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Novel molecule promotes the neuronal structures associated with memory to grow.

Dendritic spines are specialized protrusions responsible for receiving excitatory synaptic inputs, providing an important function in communication between neurons.  The majority of excitatory synapses in the brain exist on dendritic spines. Accordingly, the regulation of dendritic spine density in the hippocampus is thought to play a central role in learning and memory.  The development of novel methods to control spine density could, therefore, have important implications for treatment of a host of neurodegenerative and developmental cognitive disorders.  Now, researchers at the University of California San Diego have designed a set of molecules that promote microscopic, anatomical changes in neurons associated with the formation and retention of memories. The team state that these drug candidates also prevent deterioration of the same neuronal structures in the presence of amyloid-beta, a protein fragment that accumulates in the brains of people with Alzheimer’s disease.  The opensource study is published in the Journal of Biological Chemistry.
Earlier studies from the lab show older versions of these compounds improved memory and learning in normal mice and a mouse model for Alzheimer’s disease, however, they were too toxic to pursue as drug candidates.  Therefore, the group worked out a way to keep the part of the molecules that they believe promoted the growth of dendritic spines, and altered the chemical features that impart toxicity. These novel compounds, called benzothiazole amphiphiles, have been shown to be new tools to study relationship between dendritic spines and cognitive behaviour.  The current study looked at the effect of this drug candidate on the density of dendritic spines in primary hippocampal neurons, a region of the brain crucial for memory.

The current study utilised treated neurons from a part of the brain critical to forming and retrieving memories with their new compounds they saw an increase in the density of dendritic spines. Results show that time-lapse imaging of dissociated hippocampal neuronal cultures shows that these compounds promote a net increase in spine density through the formation of new spines.  Data findings show that an increase in spine density can persist for days in the presence of these compounds, and returns to normal spine density levels within 24 hours when the compounds are removed, demonstrating the capability to reversibly control spinogenic activity.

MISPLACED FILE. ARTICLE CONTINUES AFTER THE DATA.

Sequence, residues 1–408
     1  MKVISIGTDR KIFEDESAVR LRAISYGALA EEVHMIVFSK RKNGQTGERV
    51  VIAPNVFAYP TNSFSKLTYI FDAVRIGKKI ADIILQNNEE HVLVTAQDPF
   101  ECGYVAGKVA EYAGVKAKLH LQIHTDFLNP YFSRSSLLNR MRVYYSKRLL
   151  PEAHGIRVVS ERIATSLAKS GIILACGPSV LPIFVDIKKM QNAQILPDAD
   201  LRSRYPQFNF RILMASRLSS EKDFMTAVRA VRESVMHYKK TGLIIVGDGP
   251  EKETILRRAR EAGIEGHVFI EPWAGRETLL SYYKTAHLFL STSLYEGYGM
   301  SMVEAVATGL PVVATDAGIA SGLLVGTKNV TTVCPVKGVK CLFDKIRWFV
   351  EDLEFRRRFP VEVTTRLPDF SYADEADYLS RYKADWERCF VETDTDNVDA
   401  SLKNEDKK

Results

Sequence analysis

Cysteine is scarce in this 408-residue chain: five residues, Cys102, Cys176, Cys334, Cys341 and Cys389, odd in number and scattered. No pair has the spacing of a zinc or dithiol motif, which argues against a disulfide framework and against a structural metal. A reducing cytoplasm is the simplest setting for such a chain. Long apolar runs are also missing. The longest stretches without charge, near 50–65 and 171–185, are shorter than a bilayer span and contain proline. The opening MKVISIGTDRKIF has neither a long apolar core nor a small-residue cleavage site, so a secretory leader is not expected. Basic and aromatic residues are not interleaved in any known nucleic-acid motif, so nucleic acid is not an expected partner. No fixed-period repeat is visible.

Results show that the new compounds prevented the loss of these spines that occurs in the presence of amyloid-beta, the substance that forms amyloid plaques in the brains of people with Alzheimer’s disease.  Data findings show that the greater the concentration of the drug candidate, the greater the density of spines within the range of doses tested. The lab note that the effect is also reversible and once the compounds were washed away, the spines receded within 24-hours.

The team surmise that the compounds they have developed may offer the possibility to compensate, or ideally preserve, neuronal communication in people suffering from problems with memory.  They go on to add that it is known from a wealth of prior research that spine densities on neurons change over time and that increases in the densities correlate with improved memory and learning. For the future, the researchers state that as potential drugs, benzothiazole amphiphiles could be useful for combatting spine loss in neurodegenerative disease, or possibly for general cognitive enhancement.

Source: University of California San Diego

 

Tiny thornlike structures along the branches of this neuron are dendritic spines, which form the receiving end of synapses. Treatment with a novel compound induced the cell to sprout 20 to 25 percent more spines than a normal, untreated neuron.  Credit: Jessica Cifelli.
Tiny thornlike structures along the branches of this neuron are dendritic spines, which form the receiving end of synapses. Treatment with a novel compound induced the cell to sprout 20 to 25 percent more spines than a normal, untreated neuron. Credit: Jessica Cifelli.

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